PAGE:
Smuggled IPads Set to Flood China as Sales Start in Hong Kong

For Wang Pingdao, each day Apple Inc. waits to introduce its latest gadgets in China means extra profit from selling imported iPhones and iPads in Beijing.

“The iPad is selling pretty well now,” said Wang, a salesman at the Xing Kongjian Digital Market store in Beijing, who has been getting the devices from the U.S.

Wang’s business may be about to boom. As Apple begins selling the iPad in Hong Kong today and the iPhone 4 next week, the former British colony will be an important source of supplies of Apple products feeding the so-called gray market in China, said Flora Wu, a handset analyst at BDA China Ltd.

Dealers such as Wang account for almost half of the iPhones sold in China, according to BDA, underscoring how the world’s most valuable technology company has lagged behind Nokia Oyj and Lenovo Group Ltd. in marketing its products in the world’s third- largest economy. Wang plans to sell the low-end version of the iPad for 4,300 yuan ($634) each after buying them in Hong Kong for HK$3,888 ($500).

“It’s something they need to address at some point and now is probably the time,” said Bertram Lai, head of research at CIMB-GK Securities in Hong Kong. “They need to get it sorted out.”

Gray market iPhone sales in China exceeded 400,000 during the first half of the year, compared with the 500,000 sold by China Unicom (Hong Kong) Ltd., the only carrier authorized to offer the device in the country, BDA’s Wu said. Chinese dealers also buy from the U.S. and Europe, she said.

Difficult to Track

Apple, which is expanding iPad sales to Hong Kong, Austria, Belgium, Ireland, Luxembourg, Mexico, the Netherlands, New Zealand and Singapore today, hasn’t set a date for the debut of the tablet computer or the iPhone 4 in China, spokeswoman Jill Tan said. Gray market sales of Apple products in China are difficult to track, she said.

Hong Kong operates as a semi-autonomous region of China, with its own laws and government, under the “one country, two systems” formula agreed when the U.K. returned the city to Chinese rule in 1997.

Globally, Apple may ship 12.9 million iPads this year, according to estimates by ISuppli Corp. this week. The research firm raised its projections by more than 80 percent after the product sold out in U.S. stores.

Gray market demand may be pushing up sales in Hong Kong. IPhone shipments jumped almost 10-fold during the first three months of the year, according to IDC. Kathy Sin, a Hong Kong- based analyst at the research firm, said she “can’t rule out” sales were boosted by demand from China.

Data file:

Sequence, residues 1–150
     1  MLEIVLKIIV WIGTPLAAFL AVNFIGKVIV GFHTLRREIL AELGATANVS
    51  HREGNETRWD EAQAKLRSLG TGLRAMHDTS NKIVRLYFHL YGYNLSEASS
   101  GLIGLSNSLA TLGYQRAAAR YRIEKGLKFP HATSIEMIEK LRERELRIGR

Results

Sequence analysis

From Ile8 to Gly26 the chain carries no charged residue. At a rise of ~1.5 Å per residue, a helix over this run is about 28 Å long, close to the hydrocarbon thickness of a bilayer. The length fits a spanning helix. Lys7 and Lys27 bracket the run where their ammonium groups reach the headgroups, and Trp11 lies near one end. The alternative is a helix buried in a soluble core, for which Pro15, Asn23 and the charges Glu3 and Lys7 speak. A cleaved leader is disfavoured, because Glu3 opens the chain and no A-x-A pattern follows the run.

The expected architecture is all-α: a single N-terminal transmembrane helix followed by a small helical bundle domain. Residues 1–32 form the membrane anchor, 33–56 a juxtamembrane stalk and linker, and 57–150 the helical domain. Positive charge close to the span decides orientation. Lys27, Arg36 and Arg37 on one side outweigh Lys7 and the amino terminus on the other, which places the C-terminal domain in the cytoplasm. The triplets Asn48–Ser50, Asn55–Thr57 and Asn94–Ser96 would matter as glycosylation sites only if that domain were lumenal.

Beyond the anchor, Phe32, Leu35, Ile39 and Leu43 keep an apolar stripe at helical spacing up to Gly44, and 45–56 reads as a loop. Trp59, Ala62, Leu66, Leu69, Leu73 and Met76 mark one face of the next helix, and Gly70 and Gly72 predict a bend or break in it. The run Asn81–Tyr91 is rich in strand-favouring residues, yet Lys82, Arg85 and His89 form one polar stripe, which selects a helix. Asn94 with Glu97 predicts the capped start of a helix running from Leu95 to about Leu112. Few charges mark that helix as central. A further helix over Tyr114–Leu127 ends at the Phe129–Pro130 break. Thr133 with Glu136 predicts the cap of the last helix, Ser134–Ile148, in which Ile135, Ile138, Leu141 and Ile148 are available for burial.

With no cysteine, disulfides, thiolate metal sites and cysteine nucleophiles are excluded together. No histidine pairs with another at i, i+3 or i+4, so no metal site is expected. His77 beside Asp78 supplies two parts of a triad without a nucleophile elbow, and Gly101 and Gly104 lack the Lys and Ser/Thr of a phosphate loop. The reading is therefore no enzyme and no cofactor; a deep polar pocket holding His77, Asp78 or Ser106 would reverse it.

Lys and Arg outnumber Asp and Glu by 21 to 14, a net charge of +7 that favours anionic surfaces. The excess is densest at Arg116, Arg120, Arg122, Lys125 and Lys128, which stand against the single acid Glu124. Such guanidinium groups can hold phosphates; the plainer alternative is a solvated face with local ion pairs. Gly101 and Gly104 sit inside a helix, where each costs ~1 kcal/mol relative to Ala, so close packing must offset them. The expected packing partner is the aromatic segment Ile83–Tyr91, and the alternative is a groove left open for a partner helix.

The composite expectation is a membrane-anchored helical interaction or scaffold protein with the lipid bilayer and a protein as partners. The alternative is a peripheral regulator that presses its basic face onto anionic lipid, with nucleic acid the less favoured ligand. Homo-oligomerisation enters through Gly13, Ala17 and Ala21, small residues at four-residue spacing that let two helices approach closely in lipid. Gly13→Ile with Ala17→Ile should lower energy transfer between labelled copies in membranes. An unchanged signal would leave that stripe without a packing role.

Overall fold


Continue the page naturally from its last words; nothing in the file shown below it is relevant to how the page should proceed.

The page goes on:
Slow in China

“Apple isn’t focusing very heavily on China and the company is still building its sales channels and partnerships, so it’s been slow to launch the latest products,” said Sandy Shen, an analyst at Gartner Inc. in Shanghai.

By comparison, Nokia’s retail network in China comprises more than 100,000 stores, while Lenovo has more than 10,000 in the country, according to spokespeople at the companies.

Delays boost the fortunes of vendors such as Zhang Changlong, who sells some iPhones at Zongda Electron Catena in Dinghao Electronic Mall in Beijing for as much as 13,000 yuan.

IPhones from Hong Kong stores are more popular in China than those originating from the U.S. because the ones from the neighboring city are unlocked and able to use any phone carrier’s service, said Pan Yayun, a salesman at the Chuangyeweilong Store in Beijing. Hong Kong models, which can fetch an extra 1,000 yuan each, are also easier to update and more user-friendly for mainland consumers, he said.

Second Store

Apple this month opened its second store in China to expand its retail network. The outlet in Shanghai will be followed by “many” more for the country, the company said on July 8. The first store opened in Beijing in July 2008.

Gray market sales don’t necessarily dry up when Apple enters China because the unauthorized versions can still be cheaper, Gartner’s Shen said. For instance, China Unicom offers the iPhone 3GS for 6,999 yuan each, or about 28 percent more than those sold in Hong Kong, and triple the price of the ones available through a contract with AT&T Inc. in the U.S.

The price difference between iPhones in China and Hong Kong is partly due to import duties, Unicom President Lu Yimin said in March.

Smugglers dodging taxes of 50,000 yuan or more do so at the risk of being charged with a criminal offence and up to life imprisonment if the amounts exceed 500,000 yuan, said He Fang, a Shanghai-based lawyer at Rouse & Co. International.

Authorities haven’t seriously tackled the smuggling of Apple’s products into China because volumes are still small, Gartner’s Shen said. Apple’s Tan declined to say if the company is taking any action to prevent such activities.

“Since the iPhone 4 first appeared a month ago, I have sold more than 20 locked models and 30 unlocked ones,” said Jianwei Yang, who sells iPhones at booth 2008C in Hailong Electric Mall in Beijing. “Over 90 percent of buyers are from government authorities or companies that buy them in groups.”

--Penny Peng, Miao Han, Debra Mao. Editor: Young-Sam Cho, Anand Krishnamoorthy, Jonathan Annells

To contact the reporter on this story: Mark Lee in Hong Kong at wlee37@bloomberg.net

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